The internet creates a unique opportunity for you to directly connect with your customers 24 hours per day.
Your website is your 24/7 receptionist and Google, Bing, and Facebook are the new Yellow Pages. Word of mouth is now captured in the infrastructure of the Internet through reviews on multiple platforms.
You’re going to hear over and over why a website, reviews, and digital advertising are crucial to your business, and it’s only going to accelerate as younger generations begin buying homes and contracting business through platforms they’ve grown accustomed to.
What you aren’t going to hear is that you need to raise the expectations you have with any agency or vendor who provides digital advertising services to help grow your business.
Many Agencies See Dollar Signs, Not Family-Owned Businesses
A recent HomeAdvisor market report pegs Home Services spending in the United States at $506 billion. We are a massive market that has long been overlooked, but the opportunities are too big for platforms like Amazon to miss the party (spoiler alert, we’ve noticed they’re spending money to rival some of our clients).
These dollars have also caught the attention of digital marketers who want to capitalize on the growth of this industry. Growth that’s been built by you, over many years.
If you’re getting an increased volume of calls or e-mails to sell you a website, SEO services, Google and Bing advertising, or reviews, it’s because this industry growth is no longer a secret. There’s no shortage of new agencies or consultants ready to spend your money.
Digital marketing is a necessary and critical component of your future success in the digital age, but you have to find a partner with your best interests in mind. A large part of finding that right partner is learning how to spot red flags to save your business time and money without missing opportunities.
We’re going to arm you with a few questions to ask a potential digital marketing partner so that you can feel confident in how you invest your dollars to grow your business.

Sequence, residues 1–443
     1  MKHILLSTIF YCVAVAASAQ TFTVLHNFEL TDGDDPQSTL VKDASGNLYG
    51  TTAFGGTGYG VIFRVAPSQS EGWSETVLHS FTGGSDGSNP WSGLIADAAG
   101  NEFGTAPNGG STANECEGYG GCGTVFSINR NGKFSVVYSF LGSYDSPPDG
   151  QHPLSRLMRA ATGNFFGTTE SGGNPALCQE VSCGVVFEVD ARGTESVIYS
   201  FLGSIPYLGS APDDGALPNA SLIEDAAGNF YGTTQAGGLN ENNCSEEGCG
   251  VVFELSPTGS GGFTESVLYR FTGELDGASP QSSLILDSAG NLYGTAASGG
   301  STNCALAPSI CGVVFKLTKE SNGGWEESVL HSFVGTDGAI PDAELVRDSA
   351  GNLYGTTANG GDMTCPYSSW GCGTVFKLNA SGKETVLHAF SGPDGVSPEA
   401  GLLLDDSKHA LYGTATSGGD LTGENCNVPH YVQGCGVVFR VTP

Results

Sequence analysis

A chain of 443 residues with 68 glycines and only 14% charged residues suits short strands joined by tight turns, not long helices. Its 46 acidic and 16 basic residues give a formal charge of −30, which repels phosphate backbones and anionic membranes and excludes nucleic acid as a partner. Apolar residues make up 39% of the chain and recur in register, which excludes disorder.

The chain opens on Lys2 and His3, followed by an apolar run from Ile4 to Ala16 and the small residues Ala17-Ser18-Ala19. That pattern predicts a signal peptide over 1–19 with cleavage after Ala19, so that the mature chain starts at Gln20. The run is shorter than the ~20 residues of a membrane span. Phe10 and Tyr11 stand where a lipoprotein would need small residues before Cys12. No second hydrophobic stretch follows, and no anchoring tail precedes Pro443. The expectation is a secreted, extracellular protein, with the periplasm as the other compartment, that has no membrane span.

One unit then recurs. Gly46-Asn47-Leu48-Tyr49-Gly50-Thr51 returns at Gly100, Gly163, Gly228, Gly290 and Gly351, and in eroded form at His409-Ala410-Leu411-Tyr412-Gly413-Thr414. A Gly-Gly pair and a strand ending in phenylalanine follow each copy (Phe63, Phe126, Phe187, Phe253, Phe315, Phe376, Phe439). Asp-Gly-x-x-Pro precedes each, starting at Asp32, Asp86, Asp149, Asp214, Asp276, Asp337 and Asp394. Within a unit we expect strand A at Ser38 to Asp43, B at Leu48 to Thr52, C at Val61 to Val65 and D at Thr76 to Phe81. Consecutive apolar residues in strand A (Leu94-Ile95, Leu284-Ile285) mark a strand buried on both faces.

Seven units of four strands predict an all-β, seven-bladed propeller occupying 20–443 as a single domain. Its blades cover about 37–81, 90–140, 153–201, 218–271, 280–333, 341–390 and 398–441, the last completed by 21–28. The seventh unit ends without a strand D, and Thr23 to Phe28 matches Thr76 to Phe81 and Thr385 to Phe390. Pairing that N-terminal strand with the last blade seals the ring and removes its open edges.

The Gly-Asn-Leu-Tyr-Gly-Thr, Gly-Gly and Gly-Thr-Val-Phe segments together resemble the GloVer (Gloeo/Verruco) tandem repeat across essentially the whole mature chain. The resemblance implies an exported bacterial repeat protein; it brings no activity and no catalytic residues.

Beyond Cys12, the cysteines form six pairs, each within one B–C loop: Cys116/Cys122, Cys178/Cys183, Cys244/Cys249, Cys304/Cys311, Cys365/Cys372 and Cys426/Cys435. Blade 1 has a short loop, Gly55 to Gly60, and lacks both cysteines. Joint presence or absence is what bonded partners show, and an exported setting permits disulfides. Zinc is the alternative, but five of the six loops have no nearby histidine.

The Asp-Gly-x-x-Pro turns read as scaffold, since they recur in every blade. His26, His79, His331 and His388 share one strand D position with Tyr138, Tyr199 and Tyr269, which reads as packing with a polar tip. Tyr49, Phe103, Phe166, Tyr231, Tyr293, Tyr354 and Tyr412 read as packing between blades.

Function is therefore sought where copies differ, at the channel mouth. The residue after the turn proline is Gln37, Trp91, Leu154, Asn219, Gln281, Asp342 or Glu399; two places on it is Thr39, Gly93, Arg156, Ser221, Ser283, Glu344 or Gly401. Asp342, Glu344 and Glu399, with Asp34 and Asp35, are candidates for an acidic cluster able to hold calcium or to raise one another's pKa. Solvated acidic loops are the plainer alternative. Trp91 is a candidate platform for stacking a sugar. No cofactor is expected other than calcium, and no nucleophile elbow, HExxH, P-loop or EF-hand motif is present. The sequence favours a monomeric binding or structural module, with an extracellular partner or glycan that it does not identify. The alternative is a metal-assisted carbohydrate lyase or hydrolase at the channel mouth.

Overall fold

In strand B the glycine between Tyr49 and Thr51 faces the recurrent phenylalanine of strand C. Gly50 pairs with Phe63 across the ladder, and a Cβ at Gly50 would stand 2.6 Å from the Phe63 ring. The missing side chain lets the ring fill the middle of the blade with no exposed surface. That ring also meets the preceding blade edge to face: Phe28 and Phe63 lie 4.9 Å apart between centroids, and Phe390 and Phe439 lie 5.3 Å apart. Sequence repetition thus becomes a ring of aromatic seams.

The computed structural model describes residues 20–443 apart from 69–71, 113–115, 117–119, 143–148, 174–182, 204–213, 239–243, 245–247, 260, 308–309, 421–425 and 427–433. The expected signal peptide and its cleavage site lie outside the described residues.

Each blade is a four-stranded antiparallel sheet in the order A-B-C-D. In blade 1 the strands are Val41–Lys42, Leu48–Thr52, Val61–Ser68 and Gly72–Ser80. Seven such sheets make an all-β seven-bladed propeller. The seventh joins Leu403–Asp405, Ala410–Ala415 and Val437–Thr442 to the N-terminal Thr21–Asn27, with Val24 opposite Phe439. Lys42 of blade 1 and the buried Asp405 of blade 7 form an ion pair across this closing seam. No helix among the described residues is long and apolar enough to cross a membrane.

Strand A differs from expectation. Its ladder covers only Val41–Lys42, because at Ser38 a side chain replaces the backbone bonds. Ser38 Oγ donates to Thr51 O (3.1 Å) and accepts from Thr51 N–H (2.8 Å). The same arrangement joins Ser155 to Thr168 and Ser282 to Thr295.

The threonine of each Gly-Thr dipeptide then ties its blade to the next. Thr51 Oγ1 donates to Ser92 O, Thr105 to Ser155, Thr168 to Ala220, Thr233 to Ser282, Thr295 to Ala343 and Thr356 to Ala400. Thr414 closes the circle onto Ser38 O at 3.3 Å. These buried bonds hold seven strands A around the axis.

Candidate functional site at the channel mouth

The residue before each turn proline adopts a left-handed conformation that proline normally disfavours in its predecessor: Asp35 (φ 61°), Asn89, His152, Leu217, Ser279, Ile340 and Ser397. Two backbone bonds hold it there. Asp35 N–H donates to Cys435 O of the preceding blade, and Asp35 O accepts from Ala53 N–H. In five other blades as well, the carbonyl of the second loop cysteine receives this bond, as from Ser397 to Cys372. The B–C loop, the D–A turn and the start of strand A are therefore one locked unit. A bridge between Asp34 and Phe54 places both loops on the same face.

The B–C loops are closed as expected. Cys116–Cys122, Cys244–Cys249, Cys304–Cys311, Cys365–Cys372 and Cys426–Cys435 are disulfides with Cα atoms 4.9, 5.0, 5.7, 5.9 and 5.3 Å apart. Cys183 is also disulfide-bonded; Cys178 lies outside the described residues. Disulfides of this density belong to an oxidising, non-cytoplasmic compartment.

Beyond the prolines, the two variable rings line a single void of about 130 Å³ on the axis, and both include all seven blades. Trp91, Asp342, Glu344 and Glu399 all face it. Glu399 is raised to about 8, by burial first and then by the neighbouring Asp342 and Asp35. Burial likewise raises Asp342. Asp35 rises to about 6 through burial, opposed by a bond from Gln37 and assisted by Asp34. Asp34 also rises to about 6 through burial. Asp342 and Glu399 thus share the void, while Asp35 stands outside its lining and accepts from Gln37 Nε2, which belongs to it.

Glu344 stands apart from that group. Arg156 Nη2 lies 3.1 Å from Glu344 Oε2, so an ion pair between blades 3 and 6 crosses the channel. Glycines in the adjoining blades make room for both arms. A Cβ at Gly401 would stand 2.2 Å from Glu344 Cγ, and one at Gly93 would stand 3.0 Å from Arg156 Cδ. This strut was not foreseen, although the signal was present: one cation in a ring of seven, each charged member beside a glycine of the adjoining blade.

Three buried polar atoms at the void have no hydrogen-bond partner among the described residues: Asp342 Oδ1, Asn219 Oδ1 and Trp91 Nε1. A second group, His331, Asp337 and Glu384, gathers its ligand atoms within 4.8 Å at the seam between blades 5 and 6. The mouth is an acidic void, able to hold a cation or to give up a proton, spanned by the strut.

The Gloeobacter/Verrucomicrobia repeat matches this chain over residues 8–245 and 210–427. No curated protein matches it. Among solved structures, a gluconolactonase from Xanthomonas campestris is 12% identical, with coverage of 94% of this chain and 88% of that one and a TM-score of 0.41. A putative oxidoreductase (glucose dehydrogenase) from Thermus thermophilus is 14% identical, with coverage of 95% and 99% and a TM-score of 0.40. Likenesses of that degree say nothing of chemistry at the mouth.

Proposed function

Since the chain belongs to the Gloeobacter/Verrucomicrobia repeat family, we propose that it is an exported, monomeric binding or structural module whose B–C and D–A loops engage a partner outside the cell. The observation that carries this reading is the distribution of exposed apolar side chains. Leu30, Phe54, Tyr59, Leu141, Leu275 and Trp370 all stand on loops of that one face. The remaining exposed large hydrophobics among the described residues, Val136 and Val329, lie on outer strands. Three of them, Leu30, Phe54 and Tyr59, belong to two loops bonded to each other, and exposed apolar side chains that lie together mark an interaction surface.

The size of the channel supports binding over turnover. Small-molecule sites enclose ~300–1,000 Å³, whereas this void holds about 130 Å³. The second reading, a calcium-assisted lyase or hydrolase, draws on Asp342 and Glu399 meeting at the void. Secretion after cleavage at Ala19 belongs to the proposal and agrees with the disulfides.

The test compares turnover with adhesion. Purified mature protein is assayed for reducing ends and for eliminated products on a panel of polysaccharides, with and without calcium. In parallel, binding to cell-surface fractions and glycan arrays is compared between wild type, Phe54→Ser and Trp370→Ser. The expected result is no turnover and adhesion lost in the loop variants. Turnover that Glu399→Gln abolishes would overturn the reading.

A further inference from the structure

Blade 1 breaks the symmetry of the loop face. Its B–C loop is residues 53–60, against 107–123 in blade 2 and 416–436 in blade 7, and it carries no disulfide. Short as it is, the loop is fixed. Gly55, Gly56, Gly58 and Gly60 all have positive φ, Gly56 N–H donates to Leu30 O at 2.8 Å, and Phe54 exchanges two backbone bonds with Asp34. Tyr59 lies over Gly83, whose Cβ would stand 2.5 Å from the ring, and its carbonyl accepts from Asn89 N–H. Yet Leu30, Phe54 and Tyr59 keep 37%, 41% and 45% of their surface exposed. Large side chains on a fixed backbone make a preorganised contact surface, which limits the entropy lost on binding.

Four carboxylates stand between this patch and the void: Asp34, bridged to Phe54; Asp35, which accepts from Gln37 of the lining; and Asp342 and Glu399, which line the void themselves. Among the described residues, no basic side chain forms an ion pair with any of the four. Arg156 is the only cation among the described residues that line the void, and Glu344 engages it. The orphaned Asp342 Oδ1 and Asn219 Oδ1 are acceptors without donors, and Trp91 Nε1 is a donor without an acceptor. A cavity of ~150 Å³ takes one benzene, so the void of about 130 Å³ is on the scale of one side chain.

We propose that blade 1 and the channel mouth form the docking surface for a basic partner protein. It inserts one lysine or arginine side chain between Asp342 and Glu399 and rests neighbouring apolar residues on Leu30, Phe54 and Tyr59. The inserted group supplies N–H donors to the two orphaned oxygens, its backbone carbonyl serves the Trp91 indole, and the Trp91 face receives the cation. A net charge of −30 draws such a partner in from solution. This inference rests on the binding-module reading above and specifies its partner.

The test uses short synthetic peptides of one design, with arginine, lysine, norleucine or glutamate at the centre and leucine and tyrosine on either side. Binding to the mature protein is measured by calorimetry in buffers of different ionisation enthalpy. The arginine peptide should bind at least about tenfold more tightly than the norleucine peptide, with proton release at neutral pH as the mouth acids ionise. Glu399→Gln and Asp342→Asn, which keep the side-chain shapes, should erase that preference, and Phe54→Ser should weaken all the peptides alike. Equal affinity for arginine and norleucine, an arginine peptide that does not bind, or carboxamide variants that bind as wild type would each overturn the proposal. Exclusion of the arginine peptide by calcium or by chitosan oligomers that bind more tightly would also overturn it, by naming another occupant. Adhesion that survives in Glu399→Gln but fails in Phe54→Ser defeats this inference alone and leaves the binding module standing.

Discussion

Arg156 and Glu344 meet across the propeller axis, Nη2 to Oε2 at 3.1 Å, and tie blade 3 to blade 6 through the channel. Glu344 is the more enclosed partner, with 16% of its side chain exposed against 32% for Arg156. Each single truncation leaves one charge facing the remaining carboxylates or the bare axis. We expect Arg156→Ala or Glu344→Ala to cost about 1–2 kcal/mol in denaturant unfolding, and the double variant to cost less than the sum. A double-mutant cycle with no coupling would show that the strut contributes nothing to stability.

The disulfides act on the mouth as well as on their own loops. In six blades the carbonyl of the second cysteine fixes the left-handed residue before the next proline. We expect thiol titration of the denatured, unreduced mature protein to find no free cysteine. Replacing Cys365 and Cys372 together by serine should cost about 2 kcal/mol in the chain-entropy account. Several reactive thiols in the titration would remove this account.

What analytics platform are you using to track the performance of my campaigns? Can I have read-only access?
Most agencies use Google Ads and Google Analytics to track advertising performance.
If you haven’t been given read-only access to Google Analytics, or Google Ads, this is a major red flag. If you have a website, but haven’t been granted access to analytics, this might mean that you don’t even have one set-up!
An analytics platform allows you to see things like:
- Website Traffic (how many people came to your site in a specific time period)
- Website Conversions (forms and phone calls)
- Referral Sources (how those people got to your website)
- How much you’ve spent on digital ads
- How many people clicked on your digital ads
- How much it cost for those people to click on your digital ads
- How many people submitted a lead after clicking on your digital ad
- How much those leads cost
Step one is making sure you are aware of the analytics tracking platform your provider uses and asking for read-only access.
Even if you don’t understand analytics, or don’t want the headache of checking them each month, asking for read-only access to reporting creates more transparency and will keep your advertising provider more honest.
If you’re told “we send you our simplified reporting” or “our analytics platform is too complex” or any other line to prevent you access to that information, there is a major problem.
That’s like me asking for your retirement money to invest in stocks without sharing any of the performance data or details. Even if you aren’t a pro stock trader, access to my data will ensure I’m doing what’s best for you and your money. It creates accountability.